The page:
Food scientist aiding fuel ethanol with new engineered bacteria
For James Steele, moving from the small fermenters where microbes make cheese, wine and beer to the multimillion-gallon tanks where corn is converted to ethanol was a natural progression.
Steele, the University of Wisconsin–Madison Winder-Bascom professor of food science, specializes in food, beverage and biofuel fermentation. Understanding how bacteria and yeast convert biomass into products has been his stock-in-trade for more than 30 years.
The fermentation of beer and wine can be plagued by contamination with lactic acid bacteria, which make lactic acid rather than alcohol. The same problem affects the ethanol industry.
Steele’s new company, Lactic Solutions, is advancing a judo-like remedy: using genetic engineering to transform enemy into friend. Instead of killing lactic acid bacteria with antibiotics, he’s spliced in genes for ethanol production so these organisms produce ethanol, not lactic acid.
“We are taking the problem and trying to turn it into a solution,” Steele says. The company will sell bags of bacteria to the ethanol industry to be added to the fermenter alongside the yeast that presently makes ethanol.
About 70 percent of ethanol plants fight lactic acid bacteria with antibiotics, including erythromycin, virginiamycin and penicillin. But these and other life-saving drugs are the subject of frantic concern as bacteria evolve resistance to one antibiotic after another.
The ethanol industry’s problem arises because one-third of the incoming corn goes out the door, after fermentation. This material, called “dried distillers grains with solubles,” is one of the largest sources of animal feed in the United States says Steele. “Distillers grains can carry antibiotics or bacteria that evolved in the fermentation facility to resist antibiotics.”
The result could be dangerous drugs — or dangerous bugs — in the human food supply.
According to Steele, “Tyson Foods, McDonald’s, Panera, Perdue, etc. say they will, by the end of this year or next year, eliminate the use of meat from animals fed antibiotics, so the primary way to control lactic acid bacteria in the ethanol industry is going away.”
Like the beer industry, some ethanol plants use hops to control lactic acid bacteria, but that’s more expensive and less effective than antibiotics.
As an ecologist of the microbial realm, Steele recognizes that the engineered bacteria must reproduce and survive rising levels of ethanol in the fermenter. To give them a competitive edge, a large number of engineered bacteria will be introduced as early as possible.
Steele’s new company is advancing a judo-like remedy: using genetic engineering to transform enemy into friend.
The reformulated lactic acid bacteria have also received a gene that produces inhibitors of garden variety lactic acid bacteria, which uses “the same systems they have evolved to compete against each other over millions of years,” Steele says. “We want to give our organisms every advantage.”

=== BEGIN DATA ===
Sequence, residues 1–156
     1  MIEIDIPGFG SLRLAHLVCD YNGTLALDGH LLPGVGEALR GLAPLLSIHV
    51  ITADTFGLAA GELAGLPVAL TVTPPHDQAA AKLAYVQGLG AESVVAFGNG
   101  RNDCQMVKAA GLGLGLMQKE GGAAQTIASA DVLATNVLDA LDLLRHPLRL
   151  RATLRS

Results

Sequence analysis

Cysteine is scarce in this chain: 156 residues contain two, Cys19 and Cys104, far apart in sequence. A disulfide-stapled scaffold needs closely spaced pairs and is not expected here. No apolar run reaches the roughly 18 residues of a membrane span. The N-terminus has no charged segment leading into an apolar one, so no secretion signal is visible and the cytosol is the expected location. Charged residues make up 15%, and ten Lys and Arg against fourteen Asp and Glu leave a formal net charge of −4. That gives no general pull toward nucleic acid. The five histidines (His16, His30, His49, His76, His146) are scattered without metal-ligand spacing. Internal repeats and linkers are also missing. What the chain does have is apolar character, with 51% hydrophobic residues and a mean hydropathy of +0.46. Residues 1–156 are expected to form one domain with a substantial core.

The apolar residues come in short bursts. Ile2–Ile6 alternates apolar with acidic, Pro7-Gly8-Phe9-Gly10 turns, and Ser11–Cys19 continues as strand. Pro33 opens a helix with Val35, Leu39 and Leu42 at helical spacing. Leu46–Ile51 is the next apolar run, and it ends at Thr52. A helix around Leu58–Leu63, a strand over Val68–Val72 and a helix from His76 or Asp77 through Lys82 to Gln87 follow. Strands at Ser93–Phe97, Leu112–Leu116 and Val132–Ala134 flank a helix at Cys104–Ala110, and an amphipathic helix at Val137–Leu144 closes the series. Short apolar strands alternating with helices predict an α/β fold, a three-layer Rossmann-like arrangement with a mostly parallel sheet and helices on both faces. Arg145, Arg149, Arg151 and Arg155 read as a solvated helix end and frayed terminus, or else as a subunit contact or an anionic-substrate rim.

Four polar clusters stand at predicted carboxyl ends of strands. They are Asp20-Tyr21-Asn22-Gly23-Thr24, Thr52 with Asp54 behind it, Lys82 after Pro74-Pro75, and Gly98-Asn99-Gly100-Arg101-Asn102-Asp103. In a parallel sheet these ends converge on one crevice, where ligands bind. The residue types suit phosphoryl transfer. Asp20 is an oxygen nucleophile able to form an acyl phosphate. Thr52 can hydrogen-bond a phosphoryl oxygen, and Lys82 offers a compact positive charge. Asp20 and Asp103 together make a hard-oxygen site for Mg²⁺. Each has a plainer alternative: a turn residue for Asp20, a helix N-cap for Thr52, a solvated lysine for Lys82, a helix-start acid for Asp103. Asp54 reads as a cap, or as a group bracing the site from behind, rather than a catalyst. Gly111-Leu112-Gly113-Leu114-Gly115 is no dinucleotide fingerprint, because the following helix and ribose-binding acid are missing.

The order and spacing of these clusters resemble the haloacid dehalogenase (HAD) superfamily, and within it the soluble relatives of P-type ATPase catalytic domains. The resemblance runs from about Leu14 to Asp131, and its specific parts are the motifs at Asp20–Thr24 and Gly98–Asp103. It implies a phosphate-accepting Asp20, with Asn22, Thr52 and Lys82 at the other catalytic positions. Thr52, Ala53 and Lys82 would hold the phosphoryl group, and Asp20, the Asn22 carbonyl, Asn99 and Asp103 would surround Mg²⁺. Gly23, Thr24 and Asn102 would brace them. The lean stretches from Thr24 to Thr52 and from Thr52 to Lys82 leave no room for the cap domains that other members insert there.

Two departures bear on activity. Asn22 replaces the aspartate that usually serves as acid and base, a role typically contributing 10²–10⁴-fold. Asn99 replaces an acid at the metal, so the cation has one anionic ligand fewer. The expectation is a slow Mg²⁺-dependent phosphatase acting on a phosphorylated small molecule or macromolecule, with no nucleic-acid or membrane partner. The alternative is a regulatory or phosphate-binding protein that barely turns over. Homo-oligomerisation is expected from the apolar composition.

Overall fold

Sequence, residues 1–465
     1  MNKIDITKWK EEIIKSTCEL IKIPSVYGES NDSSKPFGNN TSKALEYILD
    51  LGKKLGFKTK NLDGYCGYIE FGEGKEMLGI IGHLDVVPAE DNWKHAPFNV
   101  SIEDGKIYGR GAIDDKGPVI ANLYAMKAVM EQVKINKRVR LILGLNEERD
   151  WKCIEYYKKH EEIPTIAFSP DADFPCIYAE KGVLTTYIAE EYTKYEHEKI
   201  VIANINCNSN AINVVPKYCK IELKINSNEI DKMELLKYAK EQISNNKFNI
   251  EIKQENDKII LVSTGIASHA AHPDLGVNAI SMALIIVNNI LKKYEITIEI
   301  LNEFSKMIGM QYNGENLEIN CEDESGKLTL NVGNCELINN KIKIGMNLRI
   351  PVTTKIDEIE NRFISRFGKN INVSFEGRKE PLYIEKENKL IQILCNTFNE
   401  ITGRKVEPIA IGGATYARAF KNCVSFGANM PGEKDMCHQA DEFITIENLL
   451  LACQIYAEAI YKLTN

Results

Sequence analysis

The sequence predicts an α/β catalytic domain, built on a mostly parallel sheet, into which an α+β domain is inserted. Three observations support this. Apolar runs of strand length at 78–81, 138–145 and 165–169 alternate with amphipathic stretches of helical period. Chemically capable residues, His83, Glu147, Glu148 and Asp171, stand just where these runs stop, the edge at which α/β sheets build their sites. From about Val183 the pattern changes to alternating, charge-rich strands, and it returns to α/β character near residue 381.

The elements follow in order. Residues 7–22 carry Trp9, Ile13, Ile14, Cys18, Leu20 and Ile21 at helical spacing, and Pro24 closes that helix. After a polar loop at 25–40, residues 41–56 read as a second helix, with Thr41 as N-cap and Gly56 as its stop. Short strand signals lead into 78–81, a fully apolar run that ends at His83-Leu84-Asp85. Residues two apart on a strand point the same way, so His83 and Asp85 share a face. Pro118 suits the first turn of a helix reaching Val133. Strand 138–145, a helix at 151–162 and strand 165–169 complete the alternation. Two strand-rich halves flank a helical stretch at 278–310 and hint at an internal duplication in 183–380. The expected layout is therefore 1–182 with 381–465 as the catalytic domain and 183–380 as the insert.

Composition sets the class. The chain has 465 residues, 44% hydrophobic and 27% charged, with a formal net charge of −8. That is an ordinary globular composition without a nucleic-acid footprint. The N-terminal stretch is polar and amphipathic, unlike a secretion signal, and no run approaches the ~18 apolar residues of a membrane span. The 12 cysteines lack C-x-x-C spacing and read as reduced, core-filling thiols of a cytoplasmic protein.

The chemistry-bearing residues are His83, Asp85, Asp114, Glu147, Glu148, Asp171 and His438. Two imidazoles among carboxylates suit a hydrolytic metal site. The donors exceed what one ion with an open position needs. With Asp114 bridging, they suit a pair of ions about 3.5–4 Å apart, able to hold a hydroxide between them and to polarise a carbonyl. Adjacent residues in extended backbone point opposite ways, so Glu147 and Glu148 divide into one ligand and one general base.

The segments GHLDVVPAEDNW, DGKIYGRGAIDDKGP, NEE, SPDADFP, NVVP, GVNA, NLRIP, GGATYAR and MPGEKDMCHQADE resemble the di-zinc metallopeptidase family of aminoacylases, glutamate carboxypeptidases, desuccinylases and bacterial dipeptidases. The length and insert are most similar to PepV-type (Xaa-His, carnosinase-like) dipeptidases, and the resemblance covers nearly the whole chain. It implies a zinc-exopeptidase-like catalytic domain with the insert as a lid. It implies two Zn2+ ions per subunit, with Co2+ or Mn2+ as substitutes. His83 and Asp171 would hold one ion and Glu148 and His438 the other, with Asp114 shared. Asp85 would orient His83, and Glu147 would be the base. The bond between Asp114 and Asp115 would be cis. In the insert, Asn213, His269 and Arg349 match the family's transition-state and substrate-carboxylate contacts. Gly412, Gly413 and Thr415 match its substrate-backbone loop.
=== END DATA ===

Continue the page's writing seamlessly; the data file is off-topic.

As a fringe benefit, the new bacteria consume types of sugar that are not available to the yeast. “At the end of the day, there is more ethanol produced from the same amount of corn,” Steele says, “but we would have never found this if we had not started trying to solve the antibiotics problem.”
Steele’s patent, assigned to the Wisconsin Alumni Research Foundation, covers his concept for altering lactic acid bacteria to fight competing bacteria and to make ethanol, based on unused sugars.
Lactic Solutions was incorporated in October. “We know where every potential customer is,” says Steele, the CEO. “There are about 200 ethanol plants in the United States. Indiana, Iowa and Illinois alone have 59 plants.”
As a legacy of Wisconsin’s leadership in the cheese industry, the state has two of the world’s largest producers of lactic acid bacteria. Lactic Solutions will outsource manufacturing and distribution and focus on providing service to customers and developing new strains.
“We know where every potential customer is,” says Steele. “There are about 200 ethanol plants in the United States. Indiana, Iowa and Illinois alone have 59 plants.”
Steele credits assistance from the Discovery to Product (D2P) program, cosponsored by WARF and UW–Madison. “D2P has been a remarkable experience, in preparing us to talk to customers, helping us understand things from their point of view, developing our business plan, and preparing our ‘elevator speech.’ We would not be here without D2P.”
Other assistance has come from the Business and Entrepreneurship Clinic at the Wisconsin School of Business. Steele has recently begun the gBETA incubator program, “where we’ll polish our story and learn to put together a team to run the company.”
The ethanol industry, Steele says, “understands that antibiotics are a short-term solution, and we plan to provide them with a long-term solution that also increases conversion of sugars to ethanol. Hops are way more expensive and less effective than antibiotics. We think we can do much better for less.”